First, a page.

Uh-oh . . . pressure's on . . . expiration date on this unopened two-pound box of Velveeta is 9/24/12. How could I let this happen? I'm supposed to leave the country in nine days and how much mac and cheese will I need to stuff down my family's throats to make this problem go away?  God, I'm so irresponsible.

 I should clean before I leave. I look around my townhouse and find it hard to believe I once read a book on feng shui. Every flat and horizontal space is cluttered with grand children's pictures, cheap mementos from trips and the occasional sea shell. I long for clean minimalist Swedish decor but I need my stuff, lots of it, need to see it, know it's there, home.

The trip looms before me, I say looms. It takes me two days to decide whether I should attend a local event even if it's only minutes from my comfortable couch.  And yet I am winging off to foreign countries and airports where half the citizens don't speak English and are quite content with that.  I am not flexible enough for this project and I should just stay home.

It is the sensible farm woman in me speaking, the one who needs to stay home and milk those full to bursting cows every day.  There are no cows here.

I have always had wanderlust, I spent my first two years of college thumbing it across the state and beyond. And then I got pregnant, a deliberate choice and I would go on to live in the same town my parents and their parents resided and raise this child and a couple more and that was correct on all levels.  But I am older now and in need of very few material things, just new underwear now and then.  What monies I accumulate at this point will be used for traveling, lovely traveling.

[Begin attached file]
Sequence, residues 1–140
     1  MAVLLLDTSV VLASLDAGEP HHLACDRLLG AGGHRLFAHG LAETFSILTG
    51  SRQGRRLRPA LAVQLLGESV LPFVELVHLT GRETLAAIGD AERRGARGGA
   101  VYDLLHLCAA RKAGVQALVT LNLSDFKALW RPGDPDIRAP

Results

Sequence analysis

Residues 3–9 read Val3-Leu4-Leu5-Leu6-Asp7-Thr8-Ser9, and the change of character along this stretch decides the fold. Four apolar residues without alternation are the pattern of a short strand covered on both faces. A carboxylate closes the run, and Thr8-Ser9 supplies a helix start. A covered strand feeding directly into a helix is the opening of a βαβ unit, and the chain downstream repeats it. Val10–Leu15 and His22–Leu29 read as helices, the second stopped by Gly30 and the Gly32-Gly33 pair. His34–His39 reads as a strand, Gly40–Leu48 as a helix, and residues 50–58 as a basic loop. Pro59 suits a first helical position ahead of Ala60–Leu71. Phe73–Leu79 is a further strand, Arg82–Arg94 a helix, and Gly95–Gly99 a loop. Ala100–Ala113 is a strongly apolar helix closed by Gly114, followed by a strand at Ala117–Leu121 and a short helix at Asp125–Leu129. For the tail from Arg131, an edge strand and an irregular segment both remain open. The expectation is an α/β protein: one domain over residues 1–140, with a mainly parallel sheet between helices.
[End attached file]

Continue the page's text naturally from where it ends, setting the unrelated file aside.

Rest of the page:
I have seen the odd movie, The Odd Life of Timothy Green twice in the last week and I am not recommending it, eh.  But there was that one line that came at me, "and what are you going to do with your one and only life?"   Don't want to be sappy but I do want a really good answer for that.

Saturday, September 1, 2012

a really sick monkey

Unbelievable. Once again I am spending precious weekend hours sandwiched between a teen-ager with a really drippy eye and an ancient wrinkled little man whose coughs sound like they're being scraped off the moldy floor of an abandoned well.